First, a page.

April 9, 2009
There are already a couple of safe, easy ways to try out Linux on a Windows desktop system. But a new option could be the easiest one of all.Windows users who want to kick the tires on a Linux distro already have the option of using a Live CD. Ubuntu also offers a cool gadget called Wubi, which installs a fully functional Ubuntu Linux distro on a Windows system without reformatting or partitioning a system's hard disk.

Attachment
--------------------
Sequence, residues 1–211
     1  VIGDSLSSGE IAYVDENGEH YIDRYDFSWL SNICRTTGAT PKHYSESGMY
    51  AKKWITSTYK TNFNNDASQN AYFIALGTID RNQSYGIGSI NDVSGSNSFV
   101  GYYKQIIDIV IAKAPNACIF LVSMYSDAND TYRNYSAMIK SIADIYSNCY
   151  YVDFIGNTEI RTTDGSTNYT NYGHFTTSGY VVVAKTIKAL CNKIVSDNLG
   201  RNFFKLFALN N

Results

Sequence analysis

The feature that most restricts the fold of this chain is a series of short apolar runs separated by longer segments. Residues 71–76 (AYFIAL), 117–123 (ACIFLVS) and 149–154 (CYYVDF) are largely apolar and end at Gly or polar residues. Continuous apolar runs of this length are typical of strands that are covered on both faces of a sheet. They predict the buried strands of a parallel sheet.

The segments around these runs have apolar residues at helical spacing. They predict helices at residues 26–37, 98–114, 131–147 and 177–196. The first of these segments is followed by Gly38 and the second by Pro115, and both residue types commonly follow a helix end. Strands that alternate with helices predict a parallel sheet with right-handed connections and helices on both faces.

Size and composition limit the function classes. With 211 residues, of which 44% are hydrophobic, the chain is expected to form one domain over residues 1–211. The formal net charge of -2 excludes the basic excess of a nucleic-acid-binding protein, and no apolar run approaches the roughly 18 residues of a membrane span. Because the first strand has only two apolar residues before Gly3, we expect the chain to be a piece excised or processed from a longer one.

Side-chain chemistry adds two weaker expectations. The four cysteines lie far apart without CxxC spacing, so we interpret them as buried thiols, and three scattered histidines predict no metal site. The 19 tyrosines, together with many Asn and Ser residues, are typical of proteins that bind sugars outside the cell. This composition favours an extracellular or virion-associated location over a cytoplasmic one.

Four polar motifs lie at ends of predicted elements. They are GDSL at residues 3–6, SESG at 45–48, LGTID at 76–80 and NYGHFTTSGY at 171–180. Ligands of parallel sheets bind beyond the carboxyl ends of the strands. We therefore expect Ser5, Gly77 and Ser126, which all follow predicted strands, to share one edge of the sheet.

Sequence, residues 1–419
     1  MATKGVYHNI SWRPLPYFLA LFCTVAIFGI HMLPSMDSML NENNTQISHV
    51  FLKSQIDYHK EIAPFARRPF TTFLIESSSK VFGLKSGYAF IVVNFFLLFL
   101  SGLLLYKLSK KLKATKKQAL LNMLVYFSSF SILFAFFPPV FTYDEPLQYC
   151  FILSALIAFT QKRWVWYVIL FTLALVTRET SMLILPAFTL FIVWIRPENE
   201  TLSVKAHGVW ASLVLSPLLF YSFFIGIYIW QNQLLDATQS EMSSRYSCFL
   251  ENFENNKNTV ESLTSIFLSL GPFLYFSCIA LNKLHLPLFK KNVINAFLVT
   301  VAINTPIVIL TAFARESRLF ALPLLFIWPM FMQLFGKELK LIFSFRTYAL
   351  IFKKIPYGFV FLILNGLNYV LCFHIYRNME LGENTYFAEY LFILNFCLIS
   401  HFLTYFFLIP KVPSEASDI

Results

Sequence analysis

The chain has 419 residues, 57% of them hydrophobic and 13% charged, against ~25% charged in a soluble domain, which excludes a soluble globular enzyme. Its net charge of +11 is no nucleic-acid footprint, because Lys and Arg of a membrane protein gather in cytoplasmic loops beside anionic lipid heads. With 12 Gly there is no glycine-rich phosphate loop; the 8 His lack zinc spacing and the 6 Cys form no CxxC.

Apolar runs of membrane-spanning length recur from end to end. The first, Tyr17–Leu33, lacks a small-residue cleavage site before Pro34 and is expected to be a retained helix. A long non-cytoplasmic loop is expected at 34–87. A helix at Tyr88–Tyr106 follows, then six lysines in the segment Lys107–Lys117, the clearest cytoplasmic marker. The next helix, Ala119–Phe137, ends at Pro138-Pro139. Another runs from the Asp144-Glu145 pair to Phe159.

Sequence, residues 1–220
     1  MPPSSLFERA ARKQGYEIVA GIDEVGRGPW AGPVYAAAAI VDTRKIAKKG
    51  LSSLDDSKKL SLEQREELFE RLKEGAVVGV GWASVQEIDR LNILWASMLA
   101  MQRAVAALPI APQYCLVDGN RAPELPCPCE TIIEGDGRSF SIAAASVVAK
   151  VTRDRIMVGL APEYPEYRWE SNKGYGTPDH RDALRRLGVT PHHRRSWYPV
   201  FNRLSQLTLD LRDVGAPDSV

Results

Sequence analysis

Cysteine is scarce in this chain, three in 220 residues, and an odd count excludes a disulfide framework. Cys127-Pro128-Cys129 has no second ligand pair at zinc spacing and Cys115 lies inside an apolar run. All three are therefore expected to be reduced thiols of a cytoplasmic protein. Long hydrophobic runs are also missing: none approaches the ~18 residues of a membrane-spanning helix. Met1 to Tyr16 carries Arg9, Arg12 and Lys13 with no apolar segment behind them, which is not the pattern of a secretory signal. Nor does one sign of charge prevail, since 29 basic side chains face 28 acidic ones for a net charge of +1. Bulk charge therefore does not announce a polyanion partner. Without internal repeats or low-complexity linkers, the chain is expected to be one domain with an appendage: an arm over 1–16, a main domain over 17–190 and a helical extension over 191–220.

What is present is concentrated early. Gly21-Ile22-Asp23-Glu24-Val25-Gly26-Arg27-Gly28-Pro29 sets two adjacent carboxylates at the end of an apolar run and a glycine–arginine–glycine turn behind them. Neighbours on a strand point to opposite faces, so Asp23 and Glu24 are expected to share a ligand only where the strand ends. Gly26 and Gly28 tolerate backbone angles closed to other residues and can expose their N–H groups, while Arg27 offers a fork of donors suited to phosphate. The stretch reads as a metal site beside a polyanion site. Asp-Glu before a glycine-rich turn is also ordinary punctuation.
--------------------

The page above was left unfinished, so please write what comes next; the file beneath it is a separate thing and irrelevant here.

Both methods give users a fairly complete Linux experience while posing absolutely no risk to an existing Windows setup. Yet both also have drawbacks: Running Linux from a Live CD can impose a noticeable hardware performance hit, and while Wubi runs almost as quick as a regular Ubuntu Linux desktop, it still requires a user to reboot in order to use Ubuntu. A new project called Portable Ubuntu now makes this process about as easy as it could possibly get. It actually improves upon Wubi by allowing a Windows user to run a complete Ubuntu Linux desktop setup as a regular Windows application. If you or your employees want to check out Ubuntu Linux, or if you need to get a group of desktop users ready for a move to Ubuntu, Portable Ubuntu could be the perfect learning tool. Besides running as a ordinary Windows application, Portable Ubuntu is thrifty with system resources. The installer is around 450MB, and it runs great on a USB drive or other portable storage device. I have seen claims that Portable Ubuntu requires anywhere from a little over 10MB to around 50MB of memory to run, depending upon how many applications you run within it; my own (brief) experience with it ran towards the higher end of this range. Portable Ubuntu also supports full access to Windows files and folders; if you want, for example, to try out a Linux-based word processing tool with an existing document, you'll find it easy to do so. Finally, changes to Portable Ubuntu are persistent; desktop tweaks and new or updated applications will all stick around the next time you fire up the tool. Portable Ubuntu is actually based on another Linux distro, known as Cooperative Linux or coLinux. The coLinux distro is designed to allow a LInux kernel and Windows to run simultaneously on the same system. As a result, coLinux has spawned some projects similar to Portable Ubuntu that run other distros; TopologiLinux, for example, runs Slackware, a popular community-supported Linux distro. You can download the latest version of Portable Ubuntu here. For more information on installing and using Portable Ubuntu, including some screen shots, try this introduction on Lifehacker.com or this one on Softpedia.com. Some additional screen shots are also available on the project's Sourceforge page.
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